Using the restricted level, companies can benefit from the tools without giving information about the framework internals to competition.
Using the team level, developers can use patterns that are private to the framework implementation (like when you decide to create 'internal' packages in an eclipse bundle), without risking to pollute the suggestions with example that can't be applied externally.

Still, this kind of security framework is really not a first priority matter. I guess that in terms of benefit / effort ratio, the support for multiple servers might be the best option. A configuration that consolidates data from 1 private and 1 public server is probably a good start. Is it something that is possible?
Re: [CR] How about data privacy? [message #639675 is a reply to message #639084] Wed, 17 November 2010 12:43 Go to previous messageGo to next message
Marcel Bruch is currently offline Marcel BruchFriend
Messages: 230
Registered: July 2009
Senior Member
Hi Max,

I'm sorry for the delay. I'm traveling a lot in November to spread the word. Some of the events are Eclipse Demo Camps, for instance in Bonn, Kassel, Dortmund, and Karlsruhe. If some guys wanna attend these camps: there are still a few seats available. Register soon.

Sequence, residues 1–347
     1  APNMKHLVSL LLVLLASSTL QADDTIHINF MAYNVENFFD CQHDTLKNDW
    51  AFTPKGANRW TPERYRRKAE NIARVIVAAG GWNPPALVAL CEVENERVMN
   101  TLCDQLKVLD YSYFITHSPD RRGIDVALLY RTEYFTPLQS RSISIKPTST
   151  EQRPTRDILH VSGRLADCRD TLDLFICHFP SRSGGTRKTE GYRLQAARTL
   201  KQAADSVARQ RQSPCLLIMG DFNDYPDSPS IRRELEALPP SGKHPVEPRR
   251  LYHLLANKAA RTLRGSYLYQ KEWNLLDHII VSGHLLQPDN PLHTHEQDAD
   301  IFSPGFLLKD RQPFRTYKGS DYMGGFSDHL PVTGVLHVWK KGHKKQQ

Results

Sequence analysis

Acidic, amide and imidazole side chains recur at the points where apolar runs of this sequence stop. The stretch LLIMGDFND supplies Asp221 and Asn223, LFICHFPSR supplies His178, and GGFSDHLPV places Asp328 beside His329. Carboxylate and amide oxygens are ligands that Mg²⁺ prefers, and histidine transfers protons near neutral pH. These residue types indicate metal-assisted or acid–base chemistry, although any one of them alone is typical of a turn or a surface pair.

Back to your post: I like the idea of having profiles and multiple knowledge bases and I guess this is something we need to have for commercial use. But I'm not sure whether we should support this during incubation. My feeling is that this would cut-off us from the required feedback we need to learn about how people use these tools, their (the tools') limitations and how to improve them.

What do you think: Would this exclude too many users from supporting the project if we get out with just one public profile in the beginning?

Another thing I wonder (maybe the most important question) : Who/how many developers will contribute their knowledge? Will they do it just to help others or do they need some kind of reward for sharing?

What's your opinion? Would you share (some parts) of your data or contribute by writing some code snippets, discussing reasons for stacktraces, or judging the quality of a piece of documentation? Short: What would you share - and what would prevent you from sharing?

Cheers,
Marcel


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Re: [CR] How about data privacy? [message #639737 is a reply to message #639675] Wed, 17 November 2010 15:55 Go to previous messageGo to next message